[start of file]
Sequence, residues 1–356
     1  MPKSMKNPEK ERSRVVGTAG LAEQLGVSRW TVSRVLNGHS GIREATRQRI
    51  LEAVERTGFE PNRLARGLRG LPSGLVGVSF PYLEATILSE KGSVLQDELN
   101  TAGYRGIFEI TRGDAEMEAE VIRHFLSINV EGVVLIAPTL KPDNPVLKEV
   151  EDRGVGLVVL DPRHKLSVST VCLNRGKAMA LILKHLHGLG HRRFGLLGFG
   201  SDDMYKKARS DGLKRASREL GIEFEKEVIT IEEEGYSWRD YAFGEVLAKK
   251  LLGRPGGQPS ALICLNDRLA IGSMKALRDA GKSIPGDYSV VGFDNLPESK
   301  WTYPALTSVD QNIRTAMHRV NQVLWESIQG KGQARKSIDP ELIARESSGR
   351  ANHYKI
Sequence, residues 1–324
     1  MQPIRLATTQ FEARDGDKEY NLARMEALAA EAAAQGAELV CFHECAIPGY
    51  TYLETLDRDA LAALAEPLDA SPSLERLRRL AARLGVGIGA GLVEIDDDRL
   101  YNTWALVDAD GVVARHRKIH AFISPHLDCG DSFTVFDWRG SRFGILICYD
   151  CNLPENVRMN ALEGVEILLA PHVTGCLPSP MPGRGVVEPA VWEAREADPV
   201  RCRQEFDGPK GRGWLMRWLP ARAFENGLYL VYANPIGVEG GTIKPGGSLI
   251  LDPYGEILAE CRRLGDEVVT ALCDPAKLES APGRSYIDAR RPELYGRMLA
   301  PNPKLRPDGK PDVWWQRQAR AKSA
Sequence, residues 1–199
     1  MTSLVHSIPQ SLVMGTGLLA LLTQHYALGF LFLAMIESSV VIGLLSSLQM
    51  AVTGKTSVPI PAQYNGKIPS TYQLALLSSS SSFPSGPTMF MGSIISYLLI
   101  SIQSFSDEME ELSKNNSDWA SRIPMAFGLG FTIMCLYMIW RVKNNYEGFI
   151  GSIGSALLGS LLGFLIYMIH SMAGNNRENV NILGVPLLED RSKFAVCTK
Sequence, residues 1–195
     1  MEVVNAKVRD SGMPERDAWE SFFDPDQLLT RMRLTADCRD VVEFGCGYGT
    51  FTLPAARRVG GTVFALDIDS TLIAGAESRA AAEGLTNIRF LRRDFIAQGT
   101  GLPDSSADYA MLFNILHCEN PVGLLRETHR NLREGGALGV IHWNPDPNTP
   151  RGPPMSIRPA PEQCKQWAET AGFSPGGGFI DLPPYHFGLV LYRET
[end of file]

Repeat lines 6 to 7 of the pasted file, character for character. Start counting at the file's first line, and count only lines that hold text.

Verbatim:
   201  SDDMYKKARS DGLKRASREL GIEFEKEVIT IEEEGYSWRD YAFGEVLAKK
   251  LLGRPGGQPS ALICLNDRLA IGSMKALRDA GKSIPGDYSV VGFDNLPESK